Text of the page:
The advisor should have a clear set of objectives with agreed methods of accountability and reporting and the trustee should have a means of monitoring their advisors. On this, it should be made clear that while it is understood that trustee boards delegate certain tasks to advisors, for example, supporting investment decision making, they should not, and cannot delegate responsibility for such decisions. This means ensuring that at the very least there is no asymmetry of information, there are clear objectives and conflicts of interests are identified and managed. It also means trustees engage with their advisors and challenge their propositions, views and ensure there is clear process about all the tasks at hand.

From a governance perspective, it is suggested that trustee boards should have developed their own strategy with vision, mission [statements], high level goals whilst ensuring compliance with legal obligations. The management ethos that supports this should execute that strategy, develop and deliver formidable operations and plans to achieve these goals. A fresh perspective on these lines will help to deliver entitlements to members with suitable investment choices, appropriate disclosure and avail-ability of information and accountability of the board.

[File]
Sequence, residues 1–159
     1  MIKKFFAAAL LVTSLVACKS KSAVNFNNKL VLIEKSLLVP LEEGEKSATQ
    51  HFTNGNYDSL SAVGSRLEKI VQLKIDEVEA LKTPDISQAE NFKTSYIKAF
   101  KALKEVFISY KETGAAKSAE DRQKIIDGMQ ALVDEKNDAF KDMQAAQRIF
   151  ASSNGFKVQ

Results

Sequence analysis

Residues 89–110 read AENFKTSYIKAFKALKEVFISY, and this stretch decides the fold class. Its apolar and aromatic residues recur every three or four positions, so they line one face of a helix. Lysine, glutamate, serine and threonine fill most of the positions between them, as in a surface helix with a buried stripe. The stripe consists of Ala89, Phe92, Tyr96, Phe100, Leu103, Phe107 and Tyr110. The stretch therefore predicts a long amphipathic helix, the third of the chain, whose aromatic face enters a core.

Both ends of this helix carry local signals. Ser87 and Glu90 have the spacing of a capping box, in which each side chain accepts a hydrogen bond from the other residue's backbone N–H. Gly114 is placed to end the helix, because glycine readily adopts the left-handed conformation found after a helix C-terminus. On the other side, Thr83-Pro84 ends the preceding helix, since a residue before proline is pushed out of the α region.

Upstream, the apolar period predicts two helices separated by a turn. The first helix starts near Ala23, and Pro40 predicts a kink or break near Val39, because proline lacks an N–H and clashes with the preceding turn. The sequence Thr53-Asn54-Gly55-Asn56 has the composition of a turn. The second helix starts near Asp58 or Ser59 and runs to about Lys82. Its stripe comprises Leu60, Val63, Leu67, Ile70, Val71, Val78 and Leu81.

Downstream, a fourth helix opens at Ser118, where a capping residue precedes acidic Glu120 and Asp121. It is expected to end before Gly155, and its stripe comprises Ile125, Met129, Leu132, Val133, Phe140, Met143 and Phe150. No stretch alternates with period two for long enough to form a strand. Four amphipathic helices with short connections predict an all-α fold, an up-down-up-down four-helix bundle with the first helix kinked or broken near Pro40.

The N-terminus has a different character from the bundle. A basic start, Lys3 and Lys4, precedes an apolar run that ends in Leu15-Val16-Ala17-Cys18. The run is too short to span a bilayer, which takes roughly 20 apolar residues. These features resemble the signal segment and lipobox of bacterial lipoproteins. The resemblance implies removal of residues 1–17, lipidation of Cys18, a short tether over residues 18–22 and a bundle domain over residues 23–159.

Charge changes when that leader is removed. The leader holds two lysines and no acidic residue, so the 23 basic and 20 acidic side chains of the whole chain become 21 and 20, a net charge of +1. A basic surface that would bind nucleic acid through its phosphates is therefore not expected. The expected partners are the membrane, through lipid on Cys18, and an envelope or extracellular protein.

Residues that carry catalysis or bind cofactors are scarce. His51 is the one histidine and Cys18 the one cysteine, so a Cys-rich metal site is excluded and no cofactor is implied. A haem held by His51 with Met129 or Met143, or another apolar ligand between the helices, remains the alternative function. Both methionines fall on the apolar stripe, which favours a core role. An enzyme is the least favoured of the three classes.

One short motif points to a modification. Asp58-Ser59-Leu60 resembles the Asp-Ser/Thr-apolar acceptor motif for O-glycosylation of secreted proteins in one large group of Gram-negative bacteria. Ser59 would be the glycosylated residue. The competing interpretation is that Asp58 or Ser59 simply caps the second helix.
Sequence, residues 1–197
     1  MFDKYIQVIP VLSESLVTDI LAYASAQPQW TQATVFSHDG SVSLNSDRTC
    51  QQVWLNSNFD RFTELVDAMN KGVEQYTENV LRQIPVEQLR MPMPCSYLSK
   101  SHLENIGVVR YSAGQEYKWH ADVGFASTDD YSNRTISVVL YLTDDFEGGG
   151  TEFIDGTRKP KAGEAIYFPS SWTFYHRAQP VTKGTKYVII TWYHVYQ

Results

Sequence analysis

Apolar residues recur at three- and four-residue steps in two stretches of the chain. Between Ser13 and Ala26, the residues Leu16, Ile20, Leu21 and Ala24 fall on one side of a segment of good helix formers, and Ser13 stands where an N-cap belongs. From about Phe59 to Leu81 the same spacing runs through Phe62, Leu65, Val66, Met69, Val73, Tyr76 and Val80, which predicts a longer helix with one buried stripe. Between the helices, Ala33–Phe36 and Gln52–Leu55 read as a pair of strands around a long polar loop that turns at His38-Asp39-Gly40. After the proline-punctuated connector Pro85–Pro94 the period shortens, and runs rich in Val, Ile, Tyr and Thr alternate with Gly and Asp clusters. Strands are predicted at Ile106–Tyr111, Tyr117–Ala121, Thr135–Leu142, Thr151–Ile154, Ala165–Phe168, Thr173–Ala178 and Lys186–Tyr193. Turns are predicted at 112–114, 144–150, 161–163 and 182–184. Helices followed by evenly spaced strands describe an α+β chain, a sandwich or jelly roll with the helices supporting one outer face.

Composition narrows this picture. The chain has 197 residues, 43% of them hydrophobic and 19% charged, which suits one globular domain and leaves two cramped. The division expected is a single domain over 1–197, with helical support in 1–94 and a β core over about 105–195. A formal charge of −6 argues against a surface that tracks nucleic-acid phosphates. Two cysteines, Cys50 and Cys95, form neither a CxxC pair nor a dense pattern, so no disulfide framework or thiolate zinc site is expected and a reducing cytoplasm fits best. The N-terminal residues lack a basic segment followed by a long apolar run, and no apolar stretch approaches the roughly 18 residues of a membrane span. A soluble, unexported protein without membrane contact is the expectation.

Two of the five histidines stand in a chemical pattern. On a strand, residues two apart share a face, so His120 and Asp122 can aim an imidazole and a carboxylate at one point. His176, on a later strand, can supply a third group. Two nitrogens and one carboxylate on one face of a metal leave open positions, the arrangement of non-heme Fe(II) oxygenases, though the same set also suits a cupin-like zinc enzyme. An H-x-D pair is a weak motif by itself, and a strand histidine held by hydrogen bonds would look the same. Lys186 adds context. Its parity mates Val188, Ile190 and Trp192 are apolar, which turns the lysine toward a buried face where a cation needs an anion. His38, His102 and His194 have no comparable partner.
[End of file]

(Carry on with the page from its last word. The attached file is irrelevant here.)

Accordingly, it is suggested that trustees consider adopting the following points:
1. Consider the trustee board as a corporate entity and appoint an experienced chairperson who will oversee a strong governance process
2. The trustee board should be run like “a business”
3. Have a clear nomination process for trustee vacancies that includes and identifies skills gaps
4. Implement accountable, control and monitoring measures
5. All trustees on a board should meet the knowledge and training requirements
6. Ensure all trustees have a Trustee Decisions Master File™ with key documents. This will essentially consist of ALL the necessary executed and operational documents which reflect the various trustee decisions to date including Service Level Agreements, Investment Management Agreements – not just legal documents (for which due care and attention should be taken to ensure they reflect current legislation).